We still bake gingerbread around Christmas time years later, but we never forget the house and forest. We’re thankful now that Christmas can truly be merry and bright.

Love, Your Christmas Baby

by Meg Brodeur '24
Portfolio Co-Editor


Christmas


a christmas tree
photo creds: pexels

It is December 28, 2001.

For the past month, Grandpa’s record player has been dedicated

Almost exclusively to Nat King Cole’s Christmas album.

It has been 28 days of “The Christmas Song,” “Joy to the World,” and “O Holy Night”

But today your home rests in an unusual state of quiet.

Scraps of wrapping paper and tinsel decorate the floor.

The hardwoods feel the absence of three jovial children and one fluffy, four-legged angel.

Today, they’re down the street at Aunt Jen’s house,

Patiently waiting for the arrival of their newest family member.

Mary is ecstatic and unaware that she will be my second mother,

Katie tenderly welcomes yet another squishy-faced baby into her life,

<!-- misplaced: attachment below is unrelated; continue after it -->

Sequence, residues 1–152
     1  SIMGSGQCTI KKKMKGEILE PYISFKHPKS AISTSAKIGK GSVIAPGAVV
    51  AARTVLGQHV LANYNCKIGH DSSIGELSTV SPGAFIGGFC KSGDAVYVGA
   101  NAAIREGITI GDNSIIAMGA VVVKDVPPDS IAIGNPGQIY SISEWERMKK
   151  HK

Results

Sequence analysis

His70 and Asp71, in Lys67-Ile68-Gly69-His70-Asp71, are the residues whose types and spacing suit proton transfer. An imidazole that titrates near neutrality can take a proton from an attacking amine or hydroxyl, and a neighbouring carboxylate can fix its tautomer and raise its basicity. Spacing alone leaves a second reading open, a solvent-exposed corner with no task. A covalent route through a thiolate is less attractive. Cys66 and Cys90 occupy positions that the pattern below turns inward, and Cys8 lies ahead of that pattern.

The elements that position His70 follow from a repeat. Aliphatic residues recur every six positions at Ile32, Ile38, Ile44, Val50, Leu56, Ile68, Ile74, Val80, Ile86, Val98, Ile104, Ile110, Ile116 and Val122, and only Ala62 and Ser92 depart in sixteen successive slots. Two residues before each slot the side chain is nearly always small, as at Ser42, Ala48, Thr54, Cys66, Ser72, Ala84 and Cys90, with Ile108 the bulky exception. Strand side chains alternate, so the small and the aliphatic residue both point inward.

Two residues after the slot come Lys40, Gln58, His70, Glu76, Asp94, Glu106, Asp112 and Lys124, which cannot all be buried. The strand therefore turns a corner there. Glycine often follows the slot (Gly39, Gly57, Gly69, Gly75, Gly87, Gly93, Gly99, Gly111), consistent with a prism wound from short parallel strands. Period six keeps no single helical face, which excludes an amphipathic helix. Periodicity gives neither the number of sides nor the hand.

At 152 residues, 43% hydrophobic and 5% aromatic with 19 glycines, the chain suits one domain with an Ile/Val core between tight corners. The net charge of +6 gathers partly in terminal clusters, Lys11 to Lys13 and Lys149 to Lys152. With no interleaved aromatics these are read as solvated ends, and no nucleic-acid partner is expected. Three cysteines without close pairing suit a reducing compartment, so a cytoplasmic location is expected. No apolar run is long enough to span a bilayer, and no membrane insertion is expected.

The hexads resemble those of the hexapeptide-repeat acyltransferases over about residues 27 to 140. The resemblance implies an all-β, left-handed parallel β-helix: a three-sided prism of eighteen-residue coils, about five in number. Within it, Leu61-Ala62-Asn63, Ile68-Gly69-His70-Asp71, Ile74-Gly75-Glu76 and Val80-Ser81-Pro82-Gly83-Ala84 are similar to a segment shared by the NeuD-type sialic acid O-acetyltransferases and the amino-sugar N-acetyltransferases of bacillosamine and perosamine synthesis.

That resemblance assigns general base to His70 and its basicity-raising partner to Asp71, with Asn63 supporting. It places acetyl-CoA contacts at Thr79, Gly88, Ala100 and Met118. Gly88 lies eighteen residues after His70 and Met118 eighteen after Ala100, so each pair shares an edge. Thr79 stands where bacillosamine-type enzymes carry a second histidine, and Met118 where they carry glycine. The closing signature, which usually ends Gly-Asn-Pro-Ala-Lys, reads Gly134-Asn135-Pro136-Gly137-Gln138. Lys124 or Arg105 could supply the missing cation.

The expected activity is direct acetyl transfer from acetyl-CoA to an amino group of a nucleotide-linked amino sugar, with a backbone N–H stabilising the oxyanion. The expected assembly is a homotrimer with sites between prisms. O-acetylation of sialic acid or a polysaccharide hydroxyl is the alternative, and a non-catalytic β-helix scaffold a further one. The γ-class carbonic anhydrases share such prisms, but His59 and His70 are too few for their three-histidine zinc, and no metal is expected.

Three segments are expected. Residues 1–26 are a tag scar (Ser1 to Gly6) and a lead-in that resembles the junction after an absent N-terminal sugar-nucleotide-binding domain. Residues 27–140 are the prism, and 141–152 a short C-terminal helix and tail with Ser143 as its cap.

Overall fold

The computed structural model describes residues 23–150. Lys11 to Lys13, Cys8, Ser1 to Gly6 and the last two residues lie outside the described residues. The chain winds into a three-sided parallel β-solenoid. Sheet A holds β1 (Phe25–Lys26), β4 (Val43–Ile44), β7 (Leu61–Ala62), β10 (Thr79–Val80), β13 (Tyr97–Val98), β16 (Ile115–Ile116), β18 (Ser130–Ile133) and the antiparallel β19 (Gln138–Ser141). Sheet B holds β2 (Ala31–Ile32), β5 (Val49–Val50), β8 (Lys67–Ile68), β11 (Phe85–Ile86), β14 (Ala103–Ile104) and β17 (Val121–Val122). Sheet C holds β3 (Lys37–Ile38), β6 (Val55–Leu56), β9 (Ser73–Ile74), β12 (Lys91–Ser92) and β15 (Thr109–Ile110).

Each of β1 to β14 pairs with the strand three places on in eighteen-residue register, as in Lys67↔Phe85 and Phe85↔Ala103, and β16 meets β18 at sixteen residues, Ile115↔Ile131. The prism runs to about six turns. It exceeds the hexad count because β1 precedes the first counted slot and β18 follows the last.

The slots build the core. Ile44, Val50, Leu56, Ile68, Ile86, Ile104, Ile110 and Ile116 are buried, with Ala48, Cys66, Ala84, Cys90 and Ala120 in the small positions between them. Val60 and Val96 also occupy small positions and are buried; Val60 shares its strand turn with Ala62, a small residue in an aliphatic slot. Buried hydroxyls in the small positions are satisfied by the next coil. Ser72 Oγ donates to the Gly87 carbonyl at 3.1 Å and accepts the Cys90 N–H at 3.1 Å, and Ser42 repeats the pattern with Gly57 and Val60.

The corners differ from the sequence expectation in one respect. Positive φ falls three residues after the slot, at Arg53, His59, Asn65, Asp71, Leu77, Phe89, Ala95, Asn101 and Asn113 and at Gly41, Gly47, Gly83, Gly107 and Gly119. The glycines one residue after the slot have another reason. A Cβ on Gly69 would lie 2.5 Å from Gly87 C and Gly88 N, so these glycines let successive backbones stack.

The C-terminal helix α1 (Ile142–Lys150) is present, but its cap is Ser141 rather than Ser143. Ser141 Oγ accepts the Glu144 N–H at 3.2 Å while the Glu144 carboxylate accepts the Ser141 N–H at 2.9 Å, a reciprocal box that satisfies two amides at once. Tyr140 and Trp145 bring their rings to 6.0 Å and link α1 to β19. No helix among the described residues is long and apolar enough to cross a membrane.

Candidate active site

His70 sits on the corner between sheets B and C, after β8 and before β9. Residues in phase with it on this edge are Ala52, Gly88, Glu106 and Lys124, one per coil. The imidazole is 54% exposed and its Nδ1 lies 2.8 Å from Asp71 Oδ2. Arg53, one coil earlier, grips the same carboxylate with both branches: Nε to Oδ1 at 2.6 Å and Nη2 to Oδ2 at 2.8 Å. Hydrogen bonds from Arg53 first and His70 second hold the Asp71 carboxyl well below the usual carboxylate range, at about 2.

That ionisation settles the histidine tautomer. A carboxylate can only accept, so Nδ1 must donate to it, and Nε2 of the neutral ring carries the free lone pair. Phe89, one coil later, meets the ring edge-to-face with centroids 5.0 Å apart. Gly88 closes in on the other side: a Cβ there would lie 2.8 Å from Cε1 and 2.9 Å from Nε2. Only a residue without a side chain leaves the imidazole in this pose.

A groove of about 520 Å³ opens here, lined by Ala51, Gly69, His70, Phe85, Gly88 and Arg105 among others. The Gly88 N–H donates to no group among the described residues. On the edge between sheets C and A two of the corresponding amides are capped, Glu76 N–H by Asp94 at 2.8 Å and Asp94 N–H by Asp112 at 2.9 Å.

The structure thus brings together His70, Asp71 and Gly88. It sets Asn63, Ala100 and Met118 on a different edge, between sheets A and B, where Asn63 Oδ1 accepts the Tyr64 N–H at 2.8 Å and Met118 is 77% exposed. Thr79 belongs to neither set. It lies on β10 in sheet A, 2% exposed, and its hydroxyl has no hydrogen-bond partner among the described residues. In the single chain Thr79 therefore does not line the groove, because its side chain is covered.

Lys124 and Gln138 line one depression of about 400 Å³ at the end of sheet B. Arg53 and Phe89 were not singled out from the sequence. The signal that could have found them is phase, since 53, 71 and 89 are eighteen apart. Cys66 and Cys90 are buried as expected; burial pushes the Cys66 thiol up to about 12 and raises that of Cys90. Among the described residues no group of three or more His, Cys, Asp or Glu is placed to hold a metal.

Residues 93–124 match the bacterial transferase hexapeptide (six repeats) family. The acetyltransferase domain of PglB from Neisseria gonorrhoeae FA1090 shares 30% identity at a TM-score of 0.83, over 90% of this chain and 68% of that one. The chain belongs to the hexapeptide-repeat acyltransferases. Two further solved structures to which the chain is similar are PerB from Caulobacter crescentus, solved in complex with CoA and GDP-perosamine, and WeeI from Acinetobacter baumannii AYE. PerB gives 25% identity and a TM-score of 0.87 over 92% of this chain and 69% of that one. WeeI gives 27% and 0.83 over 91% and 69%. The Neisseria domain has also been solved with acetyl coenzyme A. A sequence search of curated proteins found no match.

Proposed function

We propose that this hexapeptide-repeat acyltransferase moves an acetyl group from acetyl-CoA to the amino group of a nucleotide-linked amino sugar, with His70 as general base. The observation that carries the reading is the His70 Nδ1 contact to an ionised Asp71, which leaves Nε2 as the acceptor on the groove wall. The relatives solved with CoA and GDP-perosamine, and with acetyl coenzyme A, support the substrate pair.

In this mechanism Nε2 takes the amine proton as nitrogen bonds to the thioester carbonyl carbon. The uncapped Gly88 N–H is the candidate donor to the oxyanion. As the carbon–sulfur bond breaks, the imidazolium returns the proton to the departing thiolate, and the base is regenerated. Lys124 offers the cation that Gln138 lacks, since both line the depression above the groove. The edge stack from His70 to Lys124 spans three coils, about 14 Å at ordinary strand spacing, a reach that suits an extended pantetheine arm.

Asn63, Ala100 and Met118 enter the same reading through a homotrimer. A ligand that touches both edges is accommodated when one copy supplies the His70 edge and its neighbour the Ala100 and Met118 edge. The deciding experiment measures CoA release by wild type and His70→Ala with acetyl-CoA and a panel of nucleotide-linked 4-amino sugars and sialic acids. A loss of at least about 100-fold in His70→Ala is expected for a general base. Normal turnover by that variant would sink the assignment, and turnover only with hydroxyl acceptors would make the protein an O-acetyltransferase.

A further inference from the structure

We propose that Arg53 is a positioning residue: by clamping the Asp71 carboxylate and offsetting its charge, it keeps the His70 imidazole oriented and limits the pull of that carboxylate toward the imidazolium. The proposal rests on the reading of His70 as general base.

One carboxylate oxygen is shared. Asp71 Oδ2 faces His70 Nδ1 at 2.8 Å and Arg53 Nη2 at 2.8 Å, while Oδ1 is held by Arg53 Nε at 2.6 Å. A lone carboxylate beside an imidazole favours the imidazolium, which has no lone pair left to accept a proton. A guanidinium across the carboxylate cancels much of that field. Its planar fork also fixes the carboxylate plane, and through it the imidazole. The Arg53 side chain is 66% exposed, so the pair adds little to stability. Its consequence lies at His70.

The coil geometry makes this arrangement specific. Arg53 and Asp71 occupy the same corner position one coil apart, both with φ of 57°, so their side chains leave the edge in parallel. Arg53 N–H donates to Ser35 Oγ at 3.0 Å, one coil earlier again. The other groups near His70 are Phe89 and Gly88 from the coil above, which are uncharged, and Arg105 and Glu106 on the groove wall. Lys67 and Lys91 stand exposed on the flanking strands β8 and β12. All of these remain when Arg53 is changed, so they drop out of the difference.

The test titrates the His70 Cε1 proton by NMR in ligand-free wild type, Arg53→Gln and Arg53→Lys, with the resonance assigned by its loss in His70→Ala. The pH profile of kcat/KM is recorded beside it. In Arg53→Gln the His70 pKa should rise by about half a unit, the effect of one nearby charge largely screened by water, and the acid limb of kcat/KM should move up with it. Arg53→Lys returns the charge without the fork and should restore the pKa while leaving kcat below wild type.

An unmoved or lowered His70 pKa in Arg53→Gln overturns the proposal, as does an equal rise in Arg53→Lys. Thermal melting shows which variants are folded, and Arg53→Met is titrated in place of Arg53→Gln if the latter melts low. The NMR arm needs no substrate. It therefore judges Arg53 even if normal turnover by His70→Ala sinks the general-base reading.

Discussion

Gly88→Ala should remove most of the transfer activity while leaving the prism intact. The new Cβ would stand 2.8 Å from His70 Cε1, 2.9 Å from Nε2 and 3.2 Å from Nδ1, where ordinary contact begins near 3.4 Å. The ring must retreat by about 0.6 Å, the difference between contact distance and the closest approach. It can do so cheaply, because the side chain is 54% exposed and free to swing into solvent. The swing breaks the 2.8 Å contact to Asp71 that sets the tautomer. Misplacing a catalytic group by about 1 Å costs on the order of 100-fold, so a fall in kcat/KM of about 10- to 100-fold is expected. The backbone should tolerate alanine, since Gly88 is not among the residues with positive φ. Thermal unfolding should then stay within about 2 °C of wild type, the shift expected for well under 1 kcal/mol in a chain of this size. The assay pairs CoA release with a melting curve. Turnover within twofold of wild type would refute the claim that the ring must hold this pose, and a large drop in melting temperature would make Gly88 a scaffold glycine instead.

Chris prays that I’m a boy and drops the phone dramatically

when you call to tell him that he has a third sister.

Luckily his disappointment is short-lived

And when they meet me for the first time, he becomes increasingly concerned about me,

Specifically, the “cuts” and “acne” on my face.

Newsflash, Christopher: I just exited a womb; my skin is doing its best.

Mom, despite having just given birth to your fourth child,

You let everyone pile into your hospital bed

And swaddle me in a soft purple blanket.

Dad, you’re behind the video camera,

Capturing the welcome of a very lucky Christmas baby.

Listomania

by The Cowl Editor


Christmas


Best Acts of Kindness for the Holiday Season

  • Hold the door for a fellow Friar
  • Donate old toys, books, or clothes
  • Bake cookies for your friends 
  • Pick up litter 
  • Go to your professors’ office hours